After saying “yes”, the show experience was a process of learning to be patient. We didn't have a clear rehearsal space or dates, a luxury that those with dedicated theater spaces experience. I committed in March and our rehearsals started in earnest in August, during which we had a solid performance date set at a beautiful historic theater in Knoxville, TN. Unfortunately, the summer became one of the busiest I’ve had in a few years (because of the pandemic, no doubt.) We HAD to make the show happen by mid-August. So, in the midst of cast members being out of town for all kinds of summer vacations and school starting back, it was quite a remarkable feat that it all came together. (If you’ve ever done theatre, you understand that somehow, someway, it always does come together.)
Was it the most professional of shows I’ve done? Well, no. Of course not. Was it any less special? 100% No.
There are always obstacles to overcome in creating a new work of art, especially when you don’t have the backing of a large organization or the clout of an established reputation like theater companies that have ‘been around’ may have.
So please let me acknowledge with these additional words you’re generously taking time to read that being a part of this musical was a reminder to me that the hard work of birthing a work of art deserves a lot (I repeat, a LOT) of respect and applause.
I had to let go of some expectations of what I had hoped the show would be first time around, (and I say this honestly not trying to demean the show by any means.) I just wasn’t entirely sure what the show would look like to determine what I should expect. The cast the creator wanted was much larger than what we ended up with. But the cast we had was special, and everyone wanted to be there. (Any teachers reading this will know what a difference a desire to learn and participate makes!) They chose to sacrifice their time and effort to be there to make this art.
Art making is something for anyone and everyone, and it’s important that we have access to the option to make it, regardless of if we have chosen an art form as a career or even as a significant hobby. Many of us are told young we don’t sing or move our body well, so we don’t take the chance to grace the stage and experience how special it is to create a living work with a group of people. Or we are pressured by their friends to steer clear…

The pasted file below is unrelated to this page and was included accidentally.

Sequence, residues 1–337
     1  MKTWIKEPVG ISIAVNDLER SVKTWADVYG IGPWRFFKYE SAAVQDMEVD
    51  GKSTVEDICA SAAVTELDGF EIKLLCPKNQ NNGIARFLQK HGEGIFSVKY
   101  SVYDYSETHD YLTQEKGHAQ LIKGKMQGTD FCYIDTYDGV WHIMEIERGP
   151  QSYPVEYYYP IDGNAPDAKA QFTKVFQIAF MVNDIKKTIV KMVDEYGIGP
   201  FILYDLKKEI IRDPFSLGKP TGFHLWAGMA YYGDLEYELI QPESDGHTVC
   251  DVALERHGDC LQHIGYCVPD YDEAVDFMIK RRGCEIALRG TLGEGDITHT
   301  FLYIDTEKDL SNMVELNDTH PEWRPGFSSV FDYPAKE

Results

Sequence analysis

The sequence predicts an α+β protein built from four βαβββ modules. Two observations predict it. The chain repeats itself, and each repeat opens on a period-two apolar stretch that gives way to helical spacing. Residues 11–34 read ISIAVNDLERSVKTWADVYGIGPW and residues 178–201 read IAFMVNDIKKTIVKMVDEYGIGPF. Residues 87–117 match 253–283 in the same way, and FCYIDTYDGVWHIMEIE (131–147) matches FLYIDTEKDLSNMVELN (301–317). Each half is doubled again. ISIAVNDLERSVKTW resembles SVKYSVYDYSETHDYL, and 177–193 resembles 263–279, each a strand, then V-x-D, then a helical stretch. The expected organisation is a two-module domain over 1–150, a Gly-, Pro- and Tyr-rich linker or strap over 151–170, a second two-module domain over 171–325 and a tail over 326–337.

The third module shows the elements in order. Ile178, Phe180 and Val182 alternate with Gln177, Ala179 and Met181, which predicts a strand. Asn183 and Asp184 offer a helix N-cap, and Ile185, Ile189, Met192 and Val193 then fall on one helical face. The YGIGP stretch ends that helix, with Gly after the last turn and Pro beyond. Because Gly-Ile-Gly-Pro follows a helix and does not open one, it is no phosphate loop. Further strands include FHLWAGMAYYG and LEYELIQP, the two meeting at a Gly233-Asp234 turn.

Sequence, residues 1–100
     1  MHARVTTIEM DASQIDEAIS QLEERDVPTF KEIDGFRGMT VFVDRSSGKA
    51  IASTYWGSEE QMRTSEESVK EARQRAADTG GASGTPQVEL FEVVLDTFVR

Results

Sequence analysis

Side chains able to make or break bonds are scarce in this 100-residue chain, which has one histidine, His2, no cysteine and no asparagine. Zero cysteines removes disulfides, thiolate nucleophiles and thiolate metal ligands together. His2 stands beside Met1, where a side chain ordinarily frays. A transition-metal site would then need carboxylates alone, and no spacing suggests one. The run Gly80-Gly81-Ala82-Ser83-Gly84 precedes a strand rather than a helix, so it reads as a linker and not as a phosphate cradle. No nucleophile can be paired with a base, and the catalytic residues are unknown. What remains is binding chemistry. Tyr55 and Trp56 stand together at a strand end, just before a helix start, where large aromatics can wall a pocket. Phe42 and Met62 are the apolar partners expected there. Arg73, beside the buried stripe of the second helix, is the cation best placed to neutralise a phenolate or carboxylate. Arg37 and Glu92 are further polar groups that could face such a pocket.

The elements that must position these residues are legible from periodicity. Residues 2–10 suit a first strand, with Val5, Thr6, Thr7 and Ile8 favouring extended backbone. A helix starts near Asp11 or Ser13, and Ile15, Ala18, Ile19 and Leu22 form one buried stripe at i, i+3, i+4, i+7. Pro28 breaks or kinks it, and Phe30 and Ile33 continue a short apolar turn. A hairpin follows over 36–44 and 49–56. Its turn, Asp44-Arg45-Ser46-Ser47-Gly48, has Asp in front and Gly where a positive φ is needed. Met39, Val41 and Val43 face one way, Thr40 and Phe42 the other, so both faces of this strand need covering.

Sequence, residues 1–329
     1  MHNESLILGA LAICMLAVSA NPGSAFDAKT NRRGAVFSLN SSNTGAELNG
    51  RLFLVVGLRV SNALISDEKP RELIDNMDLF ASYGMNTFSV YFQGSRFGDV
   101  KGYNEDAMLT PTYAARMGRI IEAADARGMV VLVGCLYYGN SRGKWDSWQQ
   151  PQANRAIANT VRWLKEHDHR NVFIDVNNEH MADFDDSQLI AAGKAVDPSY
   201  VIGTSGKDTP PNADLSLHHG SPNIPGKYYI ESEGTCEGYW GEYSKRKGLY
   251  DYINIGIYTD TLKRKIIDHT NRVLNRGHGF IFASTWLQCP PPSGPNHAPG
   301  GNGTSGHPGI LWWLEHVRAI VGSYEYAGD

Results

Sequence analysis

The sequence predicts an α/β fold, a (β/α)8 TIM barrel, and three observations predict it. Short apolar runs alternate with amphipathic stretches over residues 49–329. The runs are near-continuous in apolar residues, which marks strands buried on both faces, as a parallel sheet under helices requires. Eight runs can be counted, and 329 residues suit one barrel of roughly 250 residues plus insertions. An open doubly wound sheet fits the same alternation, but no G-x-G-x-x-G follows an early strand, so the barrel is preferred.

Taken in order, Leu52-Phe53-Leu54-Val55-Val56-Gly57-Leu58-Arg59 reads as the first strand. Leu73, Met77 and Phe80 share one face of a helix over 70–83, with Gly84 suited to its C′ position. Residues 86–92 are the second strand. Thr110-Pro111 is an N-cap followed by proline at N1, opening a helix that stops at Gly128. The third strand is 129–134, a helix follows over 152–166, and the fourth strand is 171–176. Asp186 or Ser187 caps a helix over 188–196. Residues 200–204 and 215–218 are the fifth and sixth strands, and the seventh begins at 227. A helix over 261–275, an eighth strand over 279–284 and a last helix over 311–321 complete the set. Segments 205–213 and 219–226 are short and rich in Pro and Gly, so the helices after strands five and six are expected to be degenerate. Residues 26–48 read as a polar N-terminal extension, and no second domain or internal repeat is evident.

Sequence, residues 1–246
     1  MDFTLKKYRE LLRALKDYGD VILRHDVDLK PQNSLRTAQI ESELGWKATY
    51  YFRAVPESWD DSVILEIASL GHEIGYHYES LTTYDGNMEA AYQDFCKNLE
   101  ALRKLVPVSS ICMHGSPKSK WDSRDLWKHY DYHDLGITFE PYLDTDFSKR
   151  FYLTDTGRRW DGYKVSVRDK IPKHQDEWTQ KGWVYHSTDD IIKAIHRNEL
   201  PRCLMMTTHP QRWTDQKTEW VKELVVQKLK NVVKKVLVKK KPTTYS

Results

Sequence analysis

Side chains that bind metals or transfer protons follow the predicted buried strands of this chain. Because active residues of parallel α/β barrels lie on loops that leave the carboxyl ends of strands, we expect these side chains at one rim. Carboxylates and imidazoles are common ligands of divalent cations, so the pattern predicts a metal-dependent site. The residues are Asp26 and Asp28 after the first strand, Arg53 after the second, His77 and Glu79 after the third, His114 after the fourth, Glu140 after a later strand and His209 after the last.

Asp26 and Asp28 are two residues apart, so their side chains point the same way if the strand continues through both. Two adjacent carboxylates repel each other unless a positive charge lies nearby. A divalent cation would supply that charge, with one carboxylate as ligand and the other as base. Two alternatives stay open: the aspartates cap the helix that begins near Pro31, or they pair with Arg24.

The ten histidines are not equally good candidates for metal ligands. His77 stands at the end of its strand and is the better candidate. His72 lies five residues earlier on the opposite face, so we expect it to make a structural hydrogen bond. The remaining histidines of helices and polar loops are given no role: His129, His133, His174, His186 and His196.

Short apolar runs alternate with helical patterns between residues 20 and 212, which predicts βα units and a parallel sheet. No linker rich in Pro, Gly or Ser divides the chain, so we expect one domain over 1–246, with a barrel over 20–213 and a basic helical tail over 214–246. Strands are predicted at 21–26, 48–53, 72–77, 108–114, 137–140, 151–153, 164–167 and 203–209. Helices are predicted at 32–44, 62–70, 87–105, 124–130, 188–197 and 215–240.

I had a conversation with one young man in the cast who explained his friends’ disdain for theater people, calling them “weird”, keeping ten feet away at all times. His mother was in the show, so he joined too, and he said his experience presenting a long paper he’d composed for school made him believe he could transfer himself from the baseball pitch to the stage. (And he did a great job.) He said, “You guys are some of the nicest people I’ve ever met. My friends don’t know what they’re missing.”
People are makers. I believe it’s a good lesson to remember there is value in making things with people who come from different disciplines, bringing different perspectives, with a willingness to learn and try. A willingness to - in another word- play.
Community theater can teach us this.
So, if you have a community theater near you, go check it out! Sometimes you’ll be amazed. Other times you’ll have a fun evening. (Let’s be honest. It won’t always floor you…but that’s ok.) If you’re like me you may have trouble watching a full performance without noticing things that could be improved, but, as my dear drama-professor-and-second-dad taught me, the hard work must be honored.
I want to honor everyone in A Vote of Her Own because it was a special memory and an honestly worthwhile way to spend my August.
The show will continue to develop and change, as shows do. (As a reminder, Hamilton developed over- what was it- ten years? Point being...Art like people, evolves.
And...the music will also be up on Spotify soon, and I highly recommend listening- it’s really good! Like, really!
In closing, please come with me as I expand this thought…